The Central Bank of Nigeria (CBN) says it has completed the sales of Polaris Bank to Strategic Capital Investment Limited (SCIL), a new core investor.
Osita Nwanisobi, director of corporate communications, said this in a statement on Thursday.
Nwanisobi said the investment company acquired 100 percent equity stakes in the bank.
The statement added that SCIL paid N50 billion zs upfront to acquire the equity.
Polaris has been operating as a bridge bank since 2018 when CBN intervened to revoke the licence of the former Skye Bank Plc and established a bridge bank to assume its assets and certain liabilities.
“This sale marks the completion of a landmark intervention in a strategic institution in the Nigerian banking sector by the CBN and AMCON. We commend the outgoing board and management for their vital role since the bridge bank was established; in stabilising the Bank’s operations, its balance sheet and implementing strong governance structures to address the issues that led to the intervention, the statement quoted Godwin Emefiele, CBN governor, as saying.
“This process has provided the CBN with an unprecedented opportunity to recover its intervention funds in full and promote financial stability and inclusive growth. We wish SCIL well as they implement growth plans to build the bank from the strong foundations that have been established.”
WHAT IS IN THE DEAL?
According to the statement, SCIL has paid an upfront consideration of N50 billion to acquire 100 percent of the equity of Polaris Bank and has accepted the terms of the agreement. The statement said the terms include the full repayment of the sum of N1.305 trillion, being the consideration bonds injected.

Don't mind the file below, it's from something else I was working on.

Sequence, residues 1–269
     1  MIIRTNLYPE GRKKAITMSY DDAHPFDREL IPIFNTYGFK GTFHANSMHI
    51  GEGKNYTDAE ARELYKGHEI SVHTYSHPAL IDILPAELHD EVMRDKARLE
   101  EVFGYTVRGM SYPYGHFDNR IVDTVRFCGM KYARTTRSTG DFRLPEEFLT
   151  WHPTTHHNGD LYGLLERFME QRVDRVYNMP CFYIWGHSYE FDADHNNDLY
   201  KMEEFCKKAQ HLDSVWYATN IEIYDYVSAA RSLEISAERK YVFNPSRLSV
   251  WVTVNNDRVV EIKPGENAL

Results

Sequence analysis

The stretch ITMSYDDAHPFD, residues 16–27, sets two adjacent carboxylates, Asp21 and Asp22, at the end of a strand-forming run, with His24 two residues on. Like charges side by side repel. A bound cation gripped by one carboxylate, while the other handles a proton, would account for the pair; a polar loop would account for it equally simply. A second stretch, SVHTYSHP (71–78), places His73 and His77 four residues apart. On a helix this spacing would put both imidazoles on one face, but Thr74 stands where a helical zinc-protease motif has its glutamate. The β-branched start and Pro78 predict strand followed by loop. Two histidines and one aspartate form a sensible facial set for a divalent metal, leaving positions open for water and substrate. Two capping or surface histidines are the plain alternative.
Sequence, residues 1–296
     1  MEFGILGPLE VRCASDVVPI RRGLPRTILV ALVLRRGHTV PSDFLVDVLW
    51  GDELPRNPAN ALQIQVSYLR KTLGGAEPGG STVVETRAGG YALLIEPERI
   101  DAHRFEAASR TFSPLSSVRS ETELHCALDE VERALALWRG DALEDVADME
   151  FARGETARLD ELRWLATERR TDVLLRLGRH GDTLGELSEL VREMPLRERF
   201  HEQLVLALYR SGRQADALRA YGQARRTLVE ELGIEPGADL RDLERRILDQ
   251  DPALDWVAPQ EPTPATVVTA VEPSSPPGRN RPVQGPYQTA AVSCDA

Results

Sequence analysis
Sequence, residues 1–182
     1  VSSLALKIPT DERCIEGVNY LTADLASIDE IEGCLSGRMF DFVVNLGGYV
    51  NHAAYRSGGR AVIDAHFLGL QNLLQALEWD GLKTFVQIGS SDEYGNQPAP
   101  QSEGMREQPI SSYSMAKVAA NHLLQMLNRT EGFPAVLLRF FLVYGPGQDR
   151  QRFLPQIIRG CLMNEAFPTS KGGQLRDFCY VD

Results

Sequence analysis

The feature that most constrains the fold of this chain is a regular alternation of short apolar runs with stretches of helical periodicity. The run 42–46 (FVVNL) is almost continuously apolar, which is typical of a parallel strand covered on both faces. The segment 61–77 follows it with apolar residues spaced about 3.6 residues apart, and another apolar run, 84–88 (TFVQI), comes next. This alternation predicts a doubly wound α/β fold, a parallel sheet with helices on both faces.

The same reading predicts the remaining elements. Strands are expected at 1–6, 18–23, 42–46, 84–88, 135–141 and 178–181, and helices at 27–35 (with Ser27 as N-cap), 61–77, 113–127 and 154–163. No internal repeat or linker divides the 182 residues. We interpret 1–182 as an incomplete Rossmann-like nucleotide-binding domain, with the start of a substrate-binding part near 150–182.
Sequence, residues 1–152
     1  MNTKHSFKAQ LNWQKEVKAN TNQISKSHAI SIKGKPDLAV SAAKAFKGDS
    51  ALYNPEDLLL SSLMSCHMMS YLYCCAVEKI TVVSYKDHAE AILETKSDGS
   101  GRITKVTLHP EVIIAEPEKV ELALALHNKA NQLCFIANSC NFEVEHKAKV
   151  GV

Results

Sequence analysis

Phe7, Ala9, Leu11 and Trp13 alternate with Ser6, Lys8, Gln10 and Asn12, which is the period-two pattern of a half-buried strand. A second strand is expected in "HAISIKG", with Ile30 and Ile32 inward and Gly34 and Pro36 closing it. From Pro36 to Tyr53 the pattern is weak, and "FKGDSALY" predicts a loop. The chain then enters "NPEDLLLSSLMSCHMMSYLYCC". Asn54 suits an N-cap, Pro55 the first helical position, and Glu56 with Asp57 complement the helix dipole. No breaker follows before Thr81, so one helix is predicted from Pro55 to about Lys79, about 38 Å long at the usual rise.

It said the CBN has received an immediate return for the value it has created in Polaris Bank during the stabilisation period, as well as ensuring that all funds originally provided to support the intervention are recovered.
HOW IT WENT DOWN
The apex bank spokesperson said the sale was “coordinated by a Divestment Committee (the ‘Committee’) comprising representatives of the CBN and AMCON, and advised by legal and financial consultants”.
“The committee conducted a sale process by ‘private treaty’, as provided in Section 34(5) of the AMCON Act to avoid negative speculations, retain value and preserve financial system stability. In the process, parties who had formally expressed an interest in acquiring Polaris Bank, subsequent to the CBN intervention in 2018, were invited to submit financial and technical proposals.,” the statement adds.
“Invitations to submit proposals were sent to 25 pre-qualified interested parties, out of which three (3) parties eventually submitted final purchase proposals following technical evaluation. All submissions were subject to a rigorous transaction process from which SCIL emerged as the preferred bidder having presented the most comprehensive technical/financial purchase proposal as well as the highest-rated growth plans for Polaris Bank.”